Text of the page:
plural noun

places diametrically opposite each other on the globe.
those who dwell there.

Origin of antipodes

1350–1400; Middle English < Latin < Greek (hoi) antípodes literally, (those) with the feet opposite (plural of antípous), equivalent to anti- anti- + -podes, nominative plural of poûs foot
Related formsan·tip·o·de·an [an-tip-uh-dee-uh n] /ænˌtɪp əˈdi ən/, adjective, noun



noun (used with a plural verb)

a group of islands SE of and belonging to New Zealand. 24 sq. mi. (62 sq. km).




a direct or exact opposite.

Origin of antipode

First recorded in 1540–50; back formation from antipodes Unabridged Based on the Random House Unabridged Dictionary, © Random House, Inc. 2019

Examples from the Web for antipodes

Historical Examples of antipodes

  • Opposite neighbors, and as far removed as if we had lived at the antipodes.

    The First Violin

    Jessie Fothergill

  • Was it not generally believed in former times, that there were no antipodes?

    The Phantom World

    Augustin Calmet

  • John Feversham, the nephew, was almost the antipodes of his uncle.

    Clare Avery

    Emily Sarah Holt

  • A spirit whispered the news to Sir Francis, who was at the Antipodes.

  • The Spanish clergy declared that the theory of the antipodes was hostile to the faith.

    How to Succeed

    Orison Swett Marden

British Dictionary definitions for antipodes


pl n

either or both of two points, places, or regions that are situated diametrically opposite to one another on the earth's surface, esp the country or region opposite one's own
the people who live there
the antipodes (often capital) Australia and New Zealand
(sometimes functioning as singular) the exact or direct opposite
Derived Formsantipodean (ænˌtɪpəˈdiːən), adjective, noun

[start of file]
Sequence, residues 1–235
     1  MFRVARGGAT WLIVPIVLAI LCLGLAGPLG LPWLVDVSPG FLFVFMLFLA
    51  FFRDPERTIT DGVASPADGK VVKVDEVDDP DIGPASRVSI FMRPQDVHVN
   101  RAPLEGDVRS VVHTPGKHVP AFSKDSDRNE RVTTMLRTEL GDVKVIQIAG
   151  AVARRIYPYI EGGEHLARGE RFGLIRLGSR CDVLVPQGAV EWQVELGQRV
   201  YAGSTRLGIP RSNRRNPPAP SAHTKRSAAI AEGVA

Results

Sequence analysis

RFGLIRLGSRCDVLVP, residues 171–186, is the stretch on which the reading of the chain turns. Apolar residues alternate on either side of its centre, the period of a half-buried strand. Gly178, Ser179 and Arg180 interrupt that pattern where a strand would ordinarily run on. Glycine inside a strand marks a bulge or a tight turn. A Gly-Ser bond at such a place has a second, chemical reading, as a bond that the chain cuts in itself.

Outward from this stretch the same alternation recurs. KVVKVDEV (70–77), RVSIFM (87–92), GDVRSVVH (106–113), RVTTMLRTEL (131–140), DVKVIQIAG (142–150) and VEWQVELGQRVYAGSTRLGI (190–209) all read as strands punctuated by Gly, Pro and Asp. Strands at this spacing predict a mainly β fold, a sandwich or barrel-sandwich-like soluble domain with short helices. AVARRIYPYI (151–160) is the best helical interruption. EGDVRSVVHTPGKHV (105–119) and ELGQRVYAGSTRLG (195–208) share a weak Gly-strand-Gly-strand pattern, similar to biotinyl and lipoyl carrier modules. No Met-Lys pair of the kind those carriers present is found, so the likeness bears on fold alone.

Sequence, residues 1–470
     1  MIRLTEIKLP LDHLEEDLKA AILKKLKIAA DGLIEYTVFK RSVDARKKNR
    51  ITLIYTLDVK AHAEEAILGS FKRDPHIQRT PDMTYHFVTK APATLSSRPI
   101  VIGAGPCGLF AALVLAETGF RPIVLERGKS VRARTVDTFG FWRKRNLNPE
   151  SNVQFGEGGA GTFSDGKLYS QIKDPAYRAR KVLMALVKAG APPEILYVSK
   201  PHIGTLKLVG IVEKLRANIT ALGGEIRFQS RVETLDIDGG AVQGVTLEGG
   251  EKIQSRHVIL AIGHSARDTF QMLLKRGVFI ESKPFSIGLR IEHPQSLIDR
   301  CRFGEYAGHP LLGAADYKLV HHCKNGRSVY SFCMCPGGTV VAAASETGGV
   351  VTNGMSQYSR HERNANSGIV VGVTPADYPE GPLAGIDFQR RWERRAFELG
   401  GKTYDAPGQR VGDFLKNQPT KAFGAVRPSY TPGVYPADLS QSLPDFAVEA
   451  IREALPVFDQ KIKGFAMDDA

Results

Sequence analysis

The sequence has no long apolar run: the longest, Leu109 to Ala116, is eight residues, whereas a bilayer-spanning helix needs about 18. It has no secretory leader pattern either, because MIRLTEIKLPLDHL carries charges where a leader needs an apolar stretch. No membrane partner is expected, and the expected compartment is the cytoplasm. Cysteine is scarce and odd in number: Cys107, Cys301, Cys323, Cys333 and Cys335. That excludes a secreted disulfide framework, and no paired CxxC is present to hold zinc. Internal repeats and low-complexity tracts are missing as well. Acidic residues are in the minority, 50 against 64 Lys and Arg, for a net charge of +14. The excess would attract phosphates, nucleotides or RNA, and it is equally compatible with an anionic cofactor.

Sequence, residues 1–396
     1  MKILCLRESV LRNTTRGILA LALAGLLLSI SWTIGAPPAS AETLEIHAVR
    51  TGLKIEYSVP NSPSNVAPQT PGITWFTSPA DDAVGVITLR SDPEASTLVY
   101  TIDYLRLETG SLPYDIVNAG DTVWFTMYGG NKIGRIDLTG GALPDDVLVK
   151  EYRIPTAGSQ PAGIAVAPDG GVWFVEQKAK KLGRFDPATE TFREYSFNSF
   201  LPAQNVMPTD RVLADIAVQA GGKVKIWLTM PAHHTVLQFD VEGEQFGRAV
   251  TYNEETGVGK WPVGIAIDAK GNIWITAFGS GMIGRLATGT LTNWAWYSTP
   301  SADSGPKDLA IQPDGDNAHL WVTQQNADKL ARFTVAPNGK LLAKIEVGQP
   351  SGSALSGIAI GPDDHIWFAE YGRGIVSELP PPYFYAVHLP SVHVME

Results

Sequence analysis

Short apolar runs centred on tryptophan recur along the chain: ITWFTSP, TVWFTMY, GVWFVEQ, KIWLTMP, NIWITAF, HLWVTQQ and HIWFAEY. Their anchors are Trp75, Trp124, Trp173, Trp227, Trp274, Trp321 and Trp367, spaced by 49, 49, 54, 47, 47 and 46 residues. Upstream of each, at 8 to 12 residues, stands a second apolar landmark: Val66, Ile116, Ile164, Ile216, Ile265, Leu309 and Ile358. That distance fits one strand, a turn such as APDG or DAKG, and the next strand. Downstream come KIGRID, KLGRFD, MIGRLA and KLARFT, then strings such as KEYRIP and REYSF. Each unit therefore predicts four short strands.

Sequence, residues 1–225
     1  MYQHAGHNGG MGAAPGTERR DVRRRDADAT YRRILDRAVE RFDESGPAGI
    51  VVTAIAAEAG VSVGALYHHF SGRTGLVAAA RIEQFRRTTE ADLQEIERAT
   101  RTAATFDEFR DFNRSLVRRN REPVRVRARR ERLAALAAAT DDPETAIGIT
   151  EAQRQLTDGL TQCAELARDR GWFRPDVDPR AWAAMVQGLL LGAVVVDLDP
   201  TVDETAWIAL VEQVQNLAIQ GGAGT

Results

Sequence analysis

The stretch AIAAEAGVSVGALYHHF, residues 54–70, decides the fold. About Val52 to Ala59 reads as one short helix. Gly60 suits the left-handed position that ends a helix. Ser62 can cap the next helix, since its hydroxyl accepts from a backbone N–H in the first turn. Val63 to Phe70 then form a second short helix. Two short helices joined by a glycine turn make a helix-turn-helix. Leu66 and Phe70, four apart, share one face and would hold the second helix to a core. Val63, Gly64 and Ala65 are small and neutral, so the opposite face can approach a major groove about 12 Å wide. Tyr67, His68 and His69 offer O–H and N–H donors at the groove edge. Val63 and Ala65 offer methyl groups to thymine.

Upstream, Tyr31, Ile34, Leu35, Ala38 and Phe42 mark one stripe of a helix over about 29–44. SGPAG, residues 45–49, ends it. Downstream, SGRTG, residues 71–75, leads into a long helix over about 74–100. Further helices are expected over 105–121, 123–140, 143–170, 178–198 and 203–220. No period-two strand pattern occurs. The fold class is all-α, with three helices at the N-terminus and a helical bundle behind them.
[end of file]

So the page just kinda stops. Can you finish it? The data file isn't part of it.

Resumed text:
Word Origin for antipodes

C16: via Late Latin from Greek, plural of antipous having the feet opposite, from anti- + pous foot



the exact or direct opposite
Collins English Dictionary - Complete & Unabridged 2012 Digital Edition © William Collins Sons & Co. Ltd. 1979, 1986 © HarperCollins Publishers 1998, 2000, 2003, 2005, 2006, 2007, 2009, 2012

Word Origin and History for antipodes

late 14c., "persons who dwell on the opposite side of the globe;" 1540s as "place on the opposite side of the earth," from Latin antipodes "those who dwell on the opposite side of the earth," from Greek antipodes, plural of antipous "with feet opposite (ours)," from anti- "opposite" (see anti-) + pous "foot" (see foot (n.)); thus, people who live on the opposite side of the world.

Yonde in Ethiopia ben the Antipodes, men that haue theyr fete ayenst our fete. ["De Proprietatibus Rerum Bartholomeus Anglicus," translated by John of Trevisa, 1398]

Not to be confused with antiscii "those who live on the same meridian on opposite side of the equator," whose shadows fall at noon in the opposite direction, from Greek anti- + skia "shadow." Related: Antipodal (adj.); antipodean (1630s, n.; 1650s, adj.).

Online Etymology Dictionary, © 2010 Douglas Harper

antipodes in Science



Two places on directly opposite sides of the Earth, such as the North Pole and the South Pole.
The American Heritage® Science Dictionary Copyright © 2011. Published by Houghton Mifflin Harcourt Publishing Company. All rights reserved.

antipodes in Culture



Two places on the globe that are exactly opposite each other; for example, the North Pole and South Pole.

The New Dictionary of Cultural Literacy, Third Edition Copyright © 2005 by Houghton Mifflin Harcourt Publishing Company. Published by Houghton Mifflin Harcourt Publishing Company. All rights reserved.